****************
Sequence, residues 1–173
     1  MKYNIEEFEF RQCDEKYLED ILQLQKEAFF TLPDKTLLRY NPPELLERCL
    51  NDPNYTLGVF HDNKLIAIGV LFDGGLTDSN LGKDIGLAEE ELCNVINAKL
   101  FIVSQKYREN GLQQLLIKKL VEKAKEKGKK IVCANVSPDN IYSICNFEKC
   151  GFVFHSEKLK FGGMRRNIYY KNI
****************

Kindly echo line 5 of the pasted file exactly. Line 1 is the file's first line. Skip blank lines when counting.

   151  GFVFHSEKLK FGGMRRNIYY KNI